Non-negotiable Demands as Stimulus Debate Begins
Author: Greg Valliere
July 17, 2020
CONGRESS RETURNS NEXT WEEK, resigned to a bruising debate over what will be included in the next stimulus bill. We continue to believe that the measure will cost about $1.5 trillion, but the devil is in the details.
REPUBLICANS ARE LUKEWARM about still another massive package, but they acknowledge that failure to pass a bill would further diminish their shaky election prospects. So the debate is about to begin — starting on Sunday’s talk shows, followed by horse trading for the rest of this month.
THE DELIBERATIONS COULD EXTEND beyond the July 31 expiration date for $600 weekly unemployment benefits. Nancy Pelosi has said that the House could stay in session well into August, until a bill is passed, but there’s this problem —
EVERY MAJOR PLAYER HAS AT LEAST ONE NON-NEGOTIABLE DEMAND: In order to patch together a bill, everyone will have to get their must-pass provisions. Here’s our take:
DONALD TRUMP INSISTS ON A PAYROLL TAX CUT: The president doubled down yesterday; he apparently will not sign a bill that doesn’t include a payroll tax reduction.
MITCH McCONNELL INSISTS ON LIABILITY REFORM: The Senate majority leader won’t agree to a bill without protecting companies from lawsuits. The broad outline of his plan is in this morning’s Wall Street Journal.
THE DEMOCRATS INSIST ON AID TO STATE AND LOCAL GOVERNMENTS: Pelosi wants at least $500 billion for reeling state and local governments, which are laying off workers as revenues shrink and outlays rise.
EVERYONE INSISTS ON AID TO SCHOOLS: The new element of this narrative is the need for at least $100 billion for K thru 12, and for colleges. There’s no question this will be included in a final bill.
IN ADDITION TO THESE NON-NEGOTIABLE DEMANDS, there’s strong support for sending out more stimulus checks (Treasury Secretary Steven Mnuchin favors this), and there’s an acknowledgement that either unemployment benefits will have to continue, at a lower rate, or a bonus will be necessary to lure people back to work.
BOTTOM LINE: Washington is shell-shocked by the rise of infections, hospitalizations and deaths. The economic data has been surprisingly good, but that may fade as this new Covid-19 surge persists. So Congress has no choice — more stimulus is coming, despite a budget deficit that may exceed $4 trillion this year.
WHAT IF THERE’S NO BILL? It’s possible that this upcoming measure could sink from its own weight, and it’s possible that negotiations could drag well into August. Gridlock would be a major negative for both parties and the financial markets — which is why odds still favor passage of a very expensive bill.
The views expressed in this blog are provided as a general source of information based on information available as of the date of publication and should not be considered as personal investment advice or an offer or solicitation to buy and/or sell securities. Speculation or stated believes about future events, such as market or economic conditions, company or security performance, or other projections represent the beliefs of the author and do not necessarily represent the view of AGF, its subsidiaries or any of its affiliated companies, funds or investment strategies. Every effort has been made to ensure accuracy in these commentaries at the time of publication; however, accuracy cannot be guaranteed. Market conditions may change and AGF accepts no responsibility for individual investment decisions arising from the use of or reliance on the information contained herein. Any financial projections are based on the opinions of the author and should not be considered as a forecast. The forward looking statements and opinions may be affected by changing economic circumstances and are subject to a number of uncertainties that may cause actual results to differ materially from those contemplated in the forward looking statements. The information contained in this commentary is designed to provide you with general information related to the political and economic environment in the United States. It is not intended to be comprehensive investment advice applicable to the circumstances of the individual.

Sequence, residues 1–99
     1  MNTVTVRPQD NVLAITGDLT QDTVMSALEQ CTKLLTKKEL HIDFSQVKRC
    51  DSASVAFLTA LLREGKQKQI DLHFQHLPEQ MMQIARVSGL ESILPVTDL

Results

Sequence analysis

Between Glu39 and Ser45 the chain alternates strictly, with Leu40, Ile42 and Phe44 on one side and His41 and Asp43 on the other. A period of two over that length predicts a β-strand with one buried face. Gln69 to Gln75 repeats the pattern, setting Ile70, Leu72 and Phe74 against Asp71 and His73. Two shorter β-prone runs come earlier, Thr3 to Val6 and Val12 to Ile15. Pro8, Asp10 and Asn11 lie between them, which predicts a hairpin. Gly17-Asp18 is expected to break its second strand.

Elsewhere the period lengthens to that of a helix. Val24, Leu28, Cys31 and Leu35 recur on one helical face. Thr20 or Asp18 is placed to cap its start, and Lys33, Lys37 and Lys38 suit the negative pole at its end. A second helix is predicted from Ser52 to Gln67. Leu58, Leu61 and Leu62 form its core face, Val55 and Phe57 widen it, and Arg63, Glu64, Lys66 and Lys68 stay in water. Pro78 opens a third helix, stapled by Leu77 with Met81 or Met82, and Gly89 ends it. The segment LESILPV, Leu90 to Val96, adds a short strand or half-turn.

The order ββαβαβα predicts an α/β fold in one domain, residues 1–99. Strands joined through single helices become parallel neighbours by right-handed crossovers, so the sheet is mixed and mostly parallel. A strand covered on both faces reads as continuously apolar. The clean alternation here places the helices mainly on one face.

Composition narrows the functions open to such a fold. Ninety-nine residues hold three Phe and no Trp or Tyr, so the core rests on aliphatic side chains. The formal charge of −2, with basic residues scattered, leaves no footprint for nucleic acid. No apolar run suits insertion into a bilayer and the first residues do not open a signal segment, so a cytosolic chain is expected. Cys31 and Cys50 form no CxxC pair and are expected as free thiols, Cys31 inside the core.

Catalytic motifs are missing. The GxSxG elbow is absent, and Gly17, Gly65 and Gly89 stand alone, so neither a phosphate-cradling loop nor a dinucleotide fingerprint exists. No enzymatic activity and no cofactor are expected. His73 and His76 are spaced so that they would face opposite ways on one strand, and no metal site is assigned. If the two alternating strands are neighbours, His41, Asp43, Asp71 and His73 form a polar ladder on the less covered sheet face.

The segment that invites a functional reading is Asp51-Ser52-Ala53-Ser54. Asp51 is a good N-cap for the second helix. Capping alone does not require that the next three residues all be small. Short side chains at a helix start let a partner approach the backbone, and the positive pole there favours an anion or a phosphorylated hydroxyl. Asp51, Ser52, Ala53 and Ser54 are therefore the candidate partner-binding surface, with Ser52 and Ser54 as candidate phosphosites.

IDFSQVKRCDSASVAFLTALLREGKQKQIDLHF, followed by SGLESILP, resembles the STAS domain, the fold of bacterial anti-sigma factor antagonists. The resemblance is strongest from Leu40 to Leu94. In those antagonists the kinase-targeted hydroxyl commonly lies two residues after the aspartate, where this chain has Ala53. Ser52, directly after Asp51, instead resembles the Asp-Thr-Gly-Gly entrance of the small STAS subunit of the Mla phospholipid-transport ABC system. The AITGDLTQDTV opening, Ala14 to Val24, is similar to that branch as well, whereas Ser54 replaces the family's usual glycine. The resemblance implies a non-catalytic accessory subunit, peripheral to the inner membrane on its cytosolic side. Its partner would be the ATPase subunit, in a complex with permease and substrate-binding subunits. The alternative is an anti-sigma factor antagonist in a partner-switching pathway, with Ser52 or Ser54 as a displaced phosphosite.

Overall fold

AGF Investments is a group of wholly owned subsidiaries of AGF Management Limited, a Canadian reporting issuer. The subsidiaries included in AGF Investments are AGF Investments Inc. (AGFI), AGF Investments America Inc. (AGFA), AGF Investments LLC (AGFUS) and AGF International Advisors Company Limited (AGFIA). AGFA and AGFUS are registered advisors in the U.S. AGFI is a registered as a portfolio manager across Canadian securities commissions. AGFIA is regulated by the Central Bank of Ireland and registered with the Australian Securities & Investments Commission. The subsidiaries that form AGF Investments manage a variety of mandates comprised of equity, fixed income and balanced assets.
About AGF Management Limited
Founded in 1957, AGF Management Limited (AGF) is an independent and globally diverse asset management firm. AGF brings a disciplined approach to delivering excellence in investment management through its fundamental, quantitative, alternative and high-net-worth businesses focused on providing an exceptional client experience. AGF’s suite of investment solutions extends globally to a wide range of clients, from financial advisors and individual investors to institutional investors including pension plans, corporate plans, sovereign wealth funds and endowments and foundations.
For further information, please visit AGF.com.
©2021 AGF Management Limited. All rights reserved.